However, IBM and NetObjects decided that its target market was the sector of small and medium enterprises, so it would focus on its flagship application NetObjects Fusion which would fit within the scope of these customers.[27]

In the beginnings of the concept of "software as a service", the company secondly made a bet on its ability to recognize technological trends[28] and coined a strategy shift to a subscription model.[20] To this end NetObjects Matrix[29] was developed and, an e-commerce solution[30] was started. Subscribing web and online services would help small businesses keep pace with the Internet.[27] To finance this shift of strategy, the NetObjects Enterprise Division with 40 employees along with two applications, Collage and NetObjects Authoring Suite, was sold for $18 million to UK-based Merant[31][32] (merged in 2004 with Serena Software Inc., based in San Mateo, California).

High hopes were based on the NetObjects Matrix platform and its possibilities to position NetObjects as a "Business Service Provider". A version for Mac was announced[33], and a cooperation with IBM Global Services was forged[29]. The share price, which already had fallen below 1 US$, doubled on the news of the IBM deal[34].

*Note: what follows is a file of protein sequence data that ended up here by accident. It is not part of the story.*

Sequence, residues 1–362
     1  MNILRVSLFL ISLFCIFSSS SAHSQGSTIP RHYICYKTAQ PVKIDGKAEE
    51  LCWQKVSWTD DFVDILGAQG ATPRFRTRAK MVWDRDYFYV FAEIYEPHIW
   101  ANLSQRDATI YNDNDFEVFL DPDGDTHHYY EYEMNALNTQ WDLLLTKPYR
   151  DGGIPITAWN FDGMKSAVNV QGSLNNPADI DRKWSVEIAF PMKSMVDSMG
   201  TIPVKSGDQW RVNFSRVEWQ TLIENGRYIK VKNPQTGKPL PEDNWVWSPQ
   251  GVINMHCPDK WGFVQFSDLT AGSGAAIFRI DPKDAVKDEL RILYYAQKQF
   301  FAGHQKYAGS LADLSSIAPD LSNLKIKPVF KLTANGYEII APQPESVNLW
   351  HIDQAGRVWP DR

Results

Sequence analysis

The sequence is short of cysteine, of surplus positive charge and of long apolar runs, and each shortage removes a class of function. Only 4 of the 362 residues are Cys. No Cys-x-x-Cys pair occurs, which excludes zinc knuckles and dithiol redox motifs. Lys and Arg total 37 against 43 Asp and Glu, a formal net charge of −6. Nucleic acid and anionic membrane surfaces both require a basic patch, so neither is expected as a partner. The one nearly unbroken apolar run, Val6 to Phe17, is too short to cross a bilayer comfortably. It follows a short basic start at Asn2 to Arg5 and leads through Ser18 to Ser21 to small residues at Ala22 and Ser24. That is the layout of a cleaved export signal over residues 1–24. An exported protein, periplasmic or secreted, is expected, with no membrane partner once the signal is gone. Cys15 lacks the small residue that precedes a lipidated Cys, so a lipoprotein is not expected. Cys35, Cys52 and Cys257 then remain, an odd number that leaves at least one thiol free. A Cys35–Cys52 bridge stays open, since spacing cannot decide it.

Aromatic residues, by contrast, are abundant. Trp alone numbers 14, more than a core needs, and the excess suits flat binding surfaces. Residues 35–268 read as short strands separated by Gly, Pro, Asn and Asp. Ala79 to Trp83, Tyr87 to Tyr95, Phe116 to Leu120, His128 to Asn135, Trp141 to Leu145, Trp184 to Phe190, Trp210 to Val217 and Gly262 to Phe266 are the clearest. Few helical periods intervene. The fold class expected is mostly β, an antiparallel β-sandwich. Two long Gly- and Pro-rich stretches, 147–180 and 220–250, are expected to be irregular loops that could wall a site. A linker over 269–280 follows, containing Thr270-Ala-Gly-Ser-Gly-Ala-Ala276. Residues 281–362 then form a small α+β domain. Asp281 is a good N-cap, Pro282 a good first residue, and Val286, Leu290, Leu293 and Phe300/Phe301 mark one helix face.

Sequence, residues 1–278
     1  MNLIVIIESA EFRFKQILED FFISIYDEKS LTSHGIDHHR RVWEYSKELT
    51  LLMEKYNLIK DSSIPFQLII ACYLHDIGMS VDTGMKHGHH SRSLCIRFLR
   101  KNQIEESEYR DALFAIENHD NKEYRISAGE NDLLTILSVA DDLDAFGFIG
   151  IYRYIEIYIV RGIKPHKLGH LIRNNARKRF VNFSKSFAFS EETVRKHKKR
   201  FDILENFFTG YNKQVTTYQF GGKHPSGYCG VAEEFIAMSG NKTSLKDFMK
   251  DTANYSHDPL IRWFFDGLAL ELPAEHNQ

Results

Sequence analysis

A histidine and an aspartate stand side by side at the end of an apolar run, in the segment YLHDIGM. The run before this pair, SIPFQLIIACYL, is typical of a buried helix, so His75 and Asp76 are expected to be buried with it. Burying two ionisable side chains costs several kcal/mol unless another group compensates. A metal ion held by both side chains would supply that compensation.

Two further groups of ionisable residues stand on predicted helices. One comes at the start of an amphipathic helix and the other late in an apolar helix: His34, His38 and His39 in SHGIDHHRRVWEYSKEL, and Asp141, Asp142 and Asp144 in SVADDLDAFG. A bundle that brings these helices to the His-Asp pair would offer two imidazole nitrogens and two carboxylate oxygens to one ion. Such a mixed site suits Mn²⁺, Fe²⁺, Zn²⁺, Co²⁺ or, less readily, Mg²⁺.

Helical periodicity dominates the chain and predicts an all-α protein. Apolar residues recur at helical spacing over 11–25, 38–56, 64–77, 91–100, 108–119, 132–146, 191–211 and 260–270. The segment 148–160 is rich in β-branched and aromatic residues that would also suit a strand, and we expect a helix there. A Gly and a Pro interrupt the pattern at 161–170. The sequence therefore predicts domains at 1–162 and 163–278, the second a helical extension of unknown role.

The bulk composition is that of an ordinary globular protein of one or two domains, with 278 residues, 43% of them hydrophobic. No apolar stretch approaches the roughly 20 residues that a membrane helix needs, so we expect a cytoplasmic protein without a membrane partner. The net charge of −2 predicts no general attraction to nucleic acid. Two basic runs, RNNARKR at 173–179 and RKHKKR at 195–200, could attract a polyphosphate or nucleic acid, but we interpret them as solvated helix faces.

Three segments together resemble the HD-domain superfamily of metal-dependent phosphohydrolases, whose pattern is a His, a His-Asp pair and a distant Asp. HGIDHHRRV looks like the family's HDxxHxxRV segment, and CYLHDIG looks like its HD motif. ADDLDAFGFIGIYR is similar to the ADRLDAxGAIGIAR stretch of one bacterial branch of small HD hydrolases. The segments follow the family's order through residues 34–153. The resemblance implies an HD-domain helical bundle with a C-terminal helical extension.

IBM decisions and sale of NetObjects

In 2001 revenue streams decreased sharply,[35] a result of changing markets, price cuts, strategy shift, and absent Authoring Suite / Collage sales. Subscription fees from NetObjects Matrix started coming in but the company had to face losses. Total revenues for the first three quarters of FY 2001 were only as much as $4.22 million opposed to total costs of $7.67 million.[36]

While trying to raise an additional $50 million in a private placement with Deutsche Bank, the cash reserves started to fade. In the summer of 2001, the markets plummeted with the bursting of the bubble. The decision of the NASDAQ to de-list NetObjects in August 2001 because the share price had been hovering below $1 for longer than a year made things even worse. Ultimately IBM as the majority shareholder decided to sell NetObjects.

In a message to the user community, CEO Samir Arora had to announce that NetObjects was ceasing operations on September 1, 2001.[37]

NetObjects Fusion, NetObjects Matrix including the MatrixBuilder, BizGoBiz and other assets were sold to Website Pros (now, a web design and services company based in Jacksonville, Florida, for an estimated amount of $4 million, including instant payments as well as fees from future revenues from NetObjects applications and services within three years. (The sum of $4 million was based on assumptions about sales in this three-year period. Depending on real sales the price could in fact be lower or higher up to a limit of $10 million.)[38]

Additionally a portfolio of seven patents was acquired by Macromedia (now Adobe), the distributor of Dreamweaver, the long-term main competitor of NetObjects Fusion.

NetObjects as a division of Website Pros